After the Arab Spring, this is the Black Spring?

New Patriotic Party (NPP) leader Nana Akufo-Addo speaks during a meeting to contest the presidential election results, at Kwame Nkrumah Circle in Accra December 11, 2012. Photo/REUTERS
New Patriotic Party (NPP) leader Nana Akufo-Addo speaks during a meeting to contest the presidential election results, at Kwame Nkrumah Circle in Accra December 11, 2012. Photo/REUTERS

In 2014, I recall a certain Martin Aglo, who on the occasion of the termination of Beautiful Blaise Campaore in the streets of Ouagadougou, told Reuters: “After the Arab Spring, this is the Black Spring”.

You will recall that US President Barrack Obama came all the way to the African Union headquarters on July 28, 2015 and said: ‘’When I first came to sub-Saharan Africa as a president, I said that Africa doesn’t need strongmen, it needs strong institutions. I believe Africa’s progress will also depend on democracy, because Africans, like people everywhere, deserve the dignity of being in control of their own lives. I have to also say that Africa’s democratic progress is also at risk when leaders refuse to step aside when their terms end (applause). Now, let me be honest with you – I do not understand this (laughter). I am in my second term. It has been an extraordinary privilege for me to serve as President of the United States. I cannot imagine a greater honour or a more interesting job. I love my work. But under our Constitution, I cannot run again (laughter and applause). I can’t run again. I actually think I’m a pretty good President – I think if I ran I could win (laughter and applause.) But I can’t.’’

Of course, most African strong-men cheered Donald Trump’s election to the rafters. Africa is a very non-linear place but recent elections from President Buhari of Nigeria through president-elect Barrow in the Gambia through president-elect Akufo-Addo of Ghana (pictured below) is surely signalling a trend-change is at hand.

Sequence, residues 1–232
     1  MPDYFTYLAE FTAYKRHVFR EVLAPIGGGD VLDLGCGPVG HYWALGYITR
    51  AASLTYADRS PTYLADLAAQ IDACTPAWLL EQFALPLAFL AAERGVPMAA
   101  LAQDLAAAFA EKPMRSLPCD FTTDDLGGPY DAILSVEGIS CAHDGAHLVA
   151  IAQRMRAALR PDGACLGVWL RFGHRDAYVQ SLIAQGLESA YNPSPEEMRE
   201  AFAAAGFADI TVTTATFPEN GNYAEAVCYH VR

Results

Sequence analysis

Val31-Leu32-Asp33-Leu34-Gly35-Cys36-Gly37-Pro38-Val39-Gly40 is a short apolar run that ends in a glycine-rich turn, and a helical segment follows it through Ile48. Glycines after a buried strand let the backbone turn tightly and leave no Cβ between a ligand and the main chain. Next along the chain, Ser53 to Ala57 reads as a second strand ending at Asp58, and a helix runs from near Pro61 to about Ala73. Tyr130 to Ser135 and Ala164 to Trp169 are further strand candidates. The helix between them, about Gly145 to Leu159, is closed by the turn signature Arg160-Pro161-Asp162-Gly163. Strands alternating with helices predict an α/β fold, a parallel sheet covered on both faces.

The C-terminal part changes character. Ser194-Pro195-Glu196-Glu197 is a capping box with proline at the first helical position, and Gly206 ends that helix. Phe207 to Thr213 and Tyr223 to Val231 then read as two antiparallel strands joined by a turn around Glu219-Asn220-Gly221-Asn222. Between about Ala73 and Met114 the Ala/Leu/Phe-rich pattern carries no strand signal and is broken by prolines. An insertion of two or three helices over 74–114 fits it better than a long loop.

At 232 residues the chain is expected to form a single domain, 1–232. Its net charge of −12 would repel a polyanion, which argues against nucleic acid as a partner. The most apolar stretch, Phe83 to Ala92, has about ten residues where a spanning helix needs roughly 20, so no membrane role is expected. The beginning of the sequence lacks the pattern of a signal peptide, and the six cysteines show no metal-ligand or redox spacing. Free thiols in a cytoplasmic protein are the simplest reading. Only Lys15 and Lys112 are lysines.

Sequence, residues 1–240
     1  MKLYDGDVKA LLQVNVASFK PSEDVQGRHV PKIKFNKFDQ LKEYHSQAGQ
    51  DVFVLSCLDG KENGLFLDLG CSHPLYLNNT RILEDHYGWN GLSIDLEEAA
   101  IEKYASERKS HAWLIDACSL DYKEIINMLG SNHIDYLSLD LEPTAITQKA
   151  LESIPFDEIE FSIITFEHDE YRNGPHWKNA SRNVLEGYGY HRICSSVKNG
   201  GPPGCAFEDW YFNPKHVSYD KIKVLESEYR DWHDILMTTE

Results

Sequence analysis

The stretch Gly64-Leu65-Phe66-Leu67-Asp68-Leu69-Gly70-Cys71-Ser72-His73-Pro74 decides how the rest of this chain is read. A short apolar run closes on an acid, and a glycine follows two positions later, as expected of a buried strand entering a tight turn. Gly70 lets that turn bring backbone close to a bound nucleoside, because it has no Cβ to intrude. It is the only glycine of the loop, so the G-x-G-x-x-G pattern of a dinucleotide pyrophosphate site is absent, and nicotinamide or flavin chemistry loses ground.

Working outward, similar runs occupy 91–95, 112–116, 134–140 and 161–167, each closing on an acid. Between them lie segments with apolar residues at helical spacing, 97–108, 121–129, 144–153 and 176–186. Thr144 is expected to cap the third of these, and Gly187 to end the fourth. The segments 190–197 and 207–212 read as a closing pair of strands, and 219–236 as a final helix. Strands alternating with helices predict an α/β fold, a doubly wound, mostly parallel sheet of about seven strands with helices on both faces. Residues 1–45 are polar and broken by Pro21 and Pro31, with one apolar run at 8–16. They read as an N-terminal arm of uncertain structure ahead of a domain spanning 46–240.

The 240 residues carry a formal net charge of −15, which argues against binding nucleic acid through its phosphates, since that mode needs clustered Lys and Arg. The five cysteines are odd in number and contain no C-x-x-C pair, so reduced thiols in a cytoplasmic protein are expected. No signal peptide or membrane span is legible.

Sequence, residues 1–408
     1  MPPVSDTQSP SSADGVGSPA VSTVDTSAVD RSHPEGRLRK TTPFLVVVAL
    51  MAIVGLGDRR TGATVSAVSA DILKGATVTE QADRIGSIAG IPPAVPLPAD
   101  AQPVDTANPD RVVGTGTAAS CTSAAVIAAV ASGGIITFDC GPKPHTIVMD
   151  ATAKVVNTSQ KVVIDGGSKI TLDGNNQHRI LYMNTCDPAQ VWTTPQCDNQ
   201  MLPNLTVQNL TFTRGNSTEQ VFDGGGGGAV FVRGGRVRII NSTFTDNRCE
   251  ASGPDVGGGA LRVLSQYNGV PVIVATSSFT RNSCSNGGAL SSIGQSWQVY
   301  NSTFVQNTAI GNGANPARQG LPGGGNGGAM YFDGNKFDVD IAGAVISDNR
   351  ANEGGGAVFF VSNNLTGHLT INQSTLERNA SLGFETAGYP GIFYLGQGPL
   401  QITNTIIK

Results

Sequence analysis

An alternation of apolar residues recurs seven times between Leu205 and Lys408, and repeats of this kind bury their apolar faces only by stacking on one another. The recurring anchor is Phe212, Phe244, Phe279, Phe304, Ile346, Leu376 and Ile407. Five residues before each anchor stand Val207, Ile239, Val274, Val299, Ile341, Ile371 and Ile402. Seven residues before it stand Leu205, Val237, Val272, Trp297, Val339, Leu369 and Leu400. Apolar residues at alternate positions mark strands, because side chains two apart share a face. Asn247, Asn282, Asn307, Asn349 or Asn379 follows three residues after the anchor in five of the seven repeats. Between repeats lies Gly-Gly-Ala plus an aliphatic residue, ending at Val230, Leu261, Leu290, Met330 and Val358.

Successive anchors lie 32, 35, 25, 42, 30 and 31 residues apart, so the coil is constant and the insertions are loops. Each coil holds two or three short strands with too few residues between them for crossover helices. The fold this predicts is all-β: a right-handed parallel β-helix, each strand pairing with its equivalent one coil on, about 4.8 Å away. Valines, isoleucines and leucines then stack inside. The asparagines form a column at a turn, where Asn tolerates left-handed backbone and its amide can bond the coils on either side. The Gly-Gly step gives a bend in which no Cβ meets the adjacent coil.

You might turn around and ask: What about the DRC where a President with less than 10% national support is manoeuvring to hold on? Burundi? Ethiopia? Zimbabwe? Equatorial Guinea? and too many more to mention.

The big picture point is in fact a demographic one. Many commentators define the African population surge as a ‘’dividend’’ but what is clear is that if it is allowed a Free and Fair vote its going be a Terminator for a whole number of regimes. The demographic bulge is now arriving at voting age. This is that moment, its importance cannot be gainsaid.

These regimes are now facing an existentialist crisis.

We need to ask ourselves; how many people can an incumbent Regime shoot stone cold dead – 100, 1,000, 10,000? This is another point: there is a threshold beyond which the incumbent can’t go. Where that threshold lies will be discovered in the throes of the event.

So now when you look around, you should consider that the Biker-President sitting in the Presidential Palace in Kinshasa is hanging on by his finger-tips. The Ethiopian Government needs to re-invent itself as a National movement/Party and do it now. Geriatric Government from Harare to Equatorial Guinea might not move aside easily but make no mistake its in the departure lounge and the open question is will it leave first class, coach or be placed in shackles and placed at the back of the plane like our People are when they are sent back from Europe because they have entered illegally.

Nic Cheeseman, an expert in African politics at Oxford University, said that ‘’autocratic leaders were facing a new and dynamic opposition, and intensifying efforts to cling to power.’’

“There will be more repression in the short term and it will look worse. But I am positive about democracy in Africa in the long run … Social and economic change will drive democratisation over 30 years. But there is a barrier of pain we will have to go through to get there,” he said. Make no mistake about the direction of travel and things could speed up.